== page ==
Australian flag bearer and gold medallist Kurt Fearnley says Commonwealth Games organisers were wrong not to include the arrival of athletes in the closing ceremony broadcast.
Wheelchair racing gold medallist Kurt Fearnley carried the flag for the Aussies on Sunday night, after finishing his career with a gold medal in the marathon, but audiences at home didn't see him lead the team out.
Fearnley told a local radio show on Monday afternoon that the ceremony omission had been disappointing.
"I am sure there are plenty of athletes and parents of athletes from all around the Commonwealth who would have loved to see their guys coming into the stadium and Peter Beattie saying they did get it wrong and, yeah, they did mate," Fearnley said.
The decision to leave the athletes out of the broadcast earned the ire of fans, politicians and even Channel Seven's on-air hosts, sparking an early morning apology from Games boss Peter Beattie.
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But Fearnley also emphasised the success of the Games, which he said had been "the best and most inclusive Games".
"For all the people blowing up, I know you're doing it as a sign of kindness and respect for myself and the athletes, but I will blow up when it's needed," he said.
"I will engage with everyone when there is a real solid circumstances to blow up. When people with wheelchairs get kicked off our airlines, when they are being kicked out of facilities for being fire hazards, when they're not getting access to education, when they are issues with employment, I will fire up and I will grab everyone along with me."
Swim king Mitch Larkin, suitcase bulging with five gold medals from the Gold Coast Games, said he had encouraged other athletes to stick around for an event that was usually "pretty special".
"Walking out last night we were a little bit disappointed, a little bit confused," he said.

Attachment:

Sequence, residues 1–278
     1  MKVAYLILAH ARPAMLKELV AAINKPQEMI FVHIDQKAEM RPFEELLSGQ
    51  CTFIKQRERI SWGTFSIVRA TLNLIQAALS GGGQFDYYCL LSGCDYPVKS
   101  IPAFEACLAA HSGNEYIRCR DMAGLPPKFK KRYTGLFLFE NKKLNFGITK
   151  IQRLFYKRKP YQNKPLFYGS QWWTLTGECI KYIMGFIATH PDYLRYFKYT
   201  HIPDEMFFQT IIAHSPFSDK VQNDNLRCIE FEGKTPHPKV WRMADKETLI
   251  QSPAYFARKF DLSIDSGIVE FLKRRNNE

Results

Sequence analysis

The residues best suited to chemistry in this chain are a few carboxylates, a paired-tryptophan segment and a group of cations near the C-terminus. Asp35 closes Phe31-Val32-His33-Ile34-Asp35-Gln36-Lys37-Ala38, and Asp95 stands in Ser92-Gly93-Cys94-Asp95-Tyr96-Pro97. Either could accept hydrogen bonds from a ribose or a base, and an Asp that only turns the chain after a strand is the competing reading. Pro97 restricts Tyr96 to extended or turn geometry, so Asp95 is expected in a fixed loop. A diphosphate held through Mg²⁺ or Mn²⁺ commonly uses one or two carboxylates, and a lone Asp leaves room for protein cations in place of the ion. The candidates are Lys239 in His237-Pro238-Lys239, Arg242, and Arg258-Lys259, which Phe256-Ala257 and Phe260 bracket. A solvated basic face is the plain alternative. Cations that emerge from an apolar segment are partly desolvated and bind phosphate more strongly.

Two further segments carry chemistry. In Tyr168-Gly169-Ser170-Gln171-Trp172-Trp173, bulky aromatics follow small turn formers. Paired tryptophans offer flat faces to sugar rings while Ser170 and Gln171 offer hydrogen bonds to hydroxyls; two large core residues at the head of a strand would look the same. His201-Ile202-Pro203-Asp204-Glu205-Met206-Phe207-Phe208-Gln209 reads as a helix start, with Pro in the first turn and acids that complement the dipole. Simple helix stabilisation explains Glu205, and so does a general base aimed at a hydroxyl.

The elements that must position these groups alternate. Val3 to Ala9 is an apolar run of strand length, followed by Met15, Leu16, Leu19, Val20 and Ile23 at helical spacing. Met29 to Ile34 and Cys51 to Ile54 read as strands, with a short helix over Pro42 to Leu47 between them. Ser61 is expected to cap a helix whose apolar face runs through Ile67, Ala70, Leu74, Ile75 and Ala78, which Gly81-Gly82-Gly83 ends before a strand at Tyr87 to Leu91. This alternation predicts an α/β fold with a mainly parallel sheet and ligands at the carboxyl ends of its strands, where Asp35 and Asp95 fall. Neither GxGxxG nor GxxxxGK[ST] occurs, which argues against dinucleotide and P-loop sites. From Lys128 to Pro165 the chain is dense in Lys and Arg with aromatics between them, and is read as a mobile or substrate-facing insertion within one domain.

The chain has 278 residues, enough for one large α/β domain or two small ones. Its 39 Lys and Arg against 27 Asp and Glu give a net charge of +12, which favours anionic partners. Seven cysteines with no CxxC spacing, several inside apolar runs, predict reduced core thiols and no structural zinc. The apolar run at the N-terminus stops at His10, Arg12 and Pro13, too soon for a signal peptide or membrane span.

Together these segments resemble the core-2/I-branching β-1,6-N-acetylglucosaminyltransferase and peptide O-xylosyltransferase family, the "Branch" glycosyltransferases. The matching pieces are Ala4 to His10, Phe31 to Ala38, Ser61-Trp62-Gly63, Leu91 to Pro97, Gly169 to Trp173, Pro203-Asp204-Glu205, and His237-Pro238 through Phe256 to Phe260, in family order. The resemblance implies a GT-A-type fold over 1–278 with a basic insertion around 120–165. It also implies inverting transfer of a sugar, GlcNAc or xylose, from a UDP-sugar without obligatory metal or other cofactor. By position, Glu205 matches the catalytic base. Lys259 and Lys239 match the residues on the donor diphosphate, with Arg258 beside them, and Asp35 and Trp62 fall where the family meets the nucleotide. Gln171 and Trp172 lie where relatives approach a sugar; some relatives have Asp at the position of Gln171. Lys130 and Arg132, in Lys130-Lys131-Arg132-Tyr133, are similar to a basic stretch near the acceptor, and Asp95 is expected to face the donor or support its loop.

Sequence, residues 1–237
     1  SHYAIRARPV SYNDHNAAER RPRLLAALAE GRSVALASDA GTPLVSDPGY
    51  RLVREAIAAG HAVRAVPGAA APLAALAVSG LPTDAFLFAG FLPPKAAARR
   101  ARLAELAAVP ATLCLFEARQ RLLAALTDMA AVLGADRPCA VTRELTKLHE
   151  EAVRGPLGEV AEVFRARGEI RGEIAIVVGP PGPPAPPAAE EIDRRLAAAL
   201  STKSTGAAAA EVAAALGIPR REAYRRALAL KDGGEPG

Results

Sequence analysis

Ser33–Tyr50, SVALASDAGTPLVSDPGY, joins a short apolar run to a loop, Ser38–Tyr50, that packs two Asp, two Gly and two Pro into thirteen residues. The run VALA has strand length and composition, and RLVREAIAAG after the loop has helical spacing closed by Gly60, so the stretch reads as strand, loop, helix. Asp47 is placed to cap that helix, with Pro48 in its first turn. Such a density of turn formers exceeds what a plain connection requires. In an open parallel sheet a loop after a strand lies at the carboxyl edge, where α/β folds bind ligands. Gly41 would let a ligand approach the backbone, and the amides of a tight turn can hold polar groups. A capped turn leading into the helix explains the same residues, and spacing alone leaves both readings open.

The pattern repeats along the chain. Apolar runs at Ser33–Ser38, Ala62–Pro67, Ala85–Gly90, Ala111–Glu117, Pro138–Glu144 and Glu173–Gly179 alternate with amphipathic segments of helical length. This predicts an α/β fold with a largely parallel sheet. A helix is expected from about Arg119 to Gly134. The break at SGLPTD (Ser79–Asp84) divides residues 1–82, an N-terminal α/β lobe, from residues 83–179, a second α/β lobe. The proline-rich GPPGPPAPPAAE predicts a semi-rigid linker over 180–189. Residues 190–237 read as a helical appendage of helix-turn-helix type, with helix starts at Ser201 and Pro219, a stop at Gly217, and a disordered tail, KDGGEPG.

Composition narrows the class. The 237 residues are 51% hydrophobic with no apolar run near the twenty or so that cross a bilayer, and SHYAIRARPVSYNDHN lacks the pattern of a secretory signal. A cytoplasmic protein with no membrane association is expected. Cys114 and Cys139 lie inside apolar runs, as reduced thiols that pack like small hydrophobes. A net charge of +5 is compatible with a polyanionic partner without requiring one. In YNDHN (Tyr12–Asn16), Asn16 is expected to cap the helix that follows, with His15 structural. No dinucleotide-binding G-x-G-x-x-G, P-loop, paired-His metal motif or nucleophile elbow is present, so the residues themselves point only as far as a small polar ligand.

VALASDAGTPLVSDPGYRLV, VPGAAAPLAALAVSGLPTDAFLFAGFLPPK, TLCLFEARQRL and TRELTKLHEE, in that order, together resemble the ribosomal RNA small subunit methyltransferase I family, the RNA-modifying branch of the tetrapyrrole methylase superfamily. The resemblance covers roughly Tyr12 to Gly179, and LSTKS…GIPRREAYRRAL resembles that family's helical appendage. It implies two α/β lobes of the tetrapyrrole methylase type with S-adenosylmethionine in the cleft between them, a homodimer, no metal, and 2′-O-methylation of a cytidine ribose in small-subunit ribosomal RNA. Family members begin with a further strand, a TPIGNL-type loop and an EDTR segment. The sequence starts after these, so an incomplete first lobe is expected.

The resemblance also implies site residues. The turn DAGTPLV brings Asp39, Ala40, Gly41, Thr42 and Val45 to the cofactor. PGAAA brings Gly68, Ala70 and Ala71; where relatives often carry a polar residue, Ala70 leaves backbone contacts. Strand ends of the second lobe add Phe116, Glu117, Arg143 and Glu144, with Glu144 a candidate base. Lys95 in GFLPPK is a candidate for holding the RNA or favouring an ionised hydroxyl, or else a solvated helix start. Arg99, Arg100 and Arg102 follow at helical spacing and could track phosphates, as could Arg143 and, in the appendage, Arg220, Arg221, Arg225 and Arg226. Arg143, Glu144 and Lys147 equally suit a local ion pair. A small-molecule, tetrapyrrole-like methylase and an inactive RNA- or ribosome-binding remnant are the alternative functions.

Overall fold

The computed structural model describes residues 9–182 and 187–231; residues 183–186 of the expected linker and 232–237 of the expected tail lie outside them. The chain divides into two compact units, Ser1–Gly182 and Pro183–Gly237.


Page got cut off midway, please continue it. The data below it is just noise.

"But you know, it is what it is and they tried something different and unfortunately it didn't pay off."
Taking a break from signing autographs for fans on the beach, 200m backstroke gold medallist Emily Seebohm said the ceremony ranked as the worst of her three Commonwealth Games and three Olympic campaigns.
"The athletes didn't really know what was happening. No one really communicated anything," she said.
"I didn't see Kurt at all, which is really sad because you think as the flagbearer you get this huge honour to do such an important role and it seemed like no one really congratulated him on his role of being a para-athlete and being one of the best in the world."
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She noted the closing night was particularly important for swimmers because heavy first-week programs meant they usually skipped the opening ceremony.
"It's a little bit heartbreaking because that was our only chance at doing that," she said.
Beattie said the decision was made to limit the time athletes, many of whom were fatigued from competition, had to wait outside the stadium.
"Having them come into the stadium in the pre-show meant the TV audience were not able to see the athletes enter the stadium, alongside flag bearers. We got that wrong," he tweeted on Monday.
"This decision to bring the athletes into the stadium before the broadcast was operationally driven given there were restrictions on being able to keep the athletes waiting in comfort.
"We were driven by the welfare of athletes."
Beattie also conceded speeches went for too long.
"The speeches were too many and too long. I was part of that and I acknowledge it. Again, we got that wrong," he said. "It is very simple. I should not have spoken."
The former Queensland premier did the rounds on Australian breakfast television taking responsibility and saying he would contact Fearnley to apologise.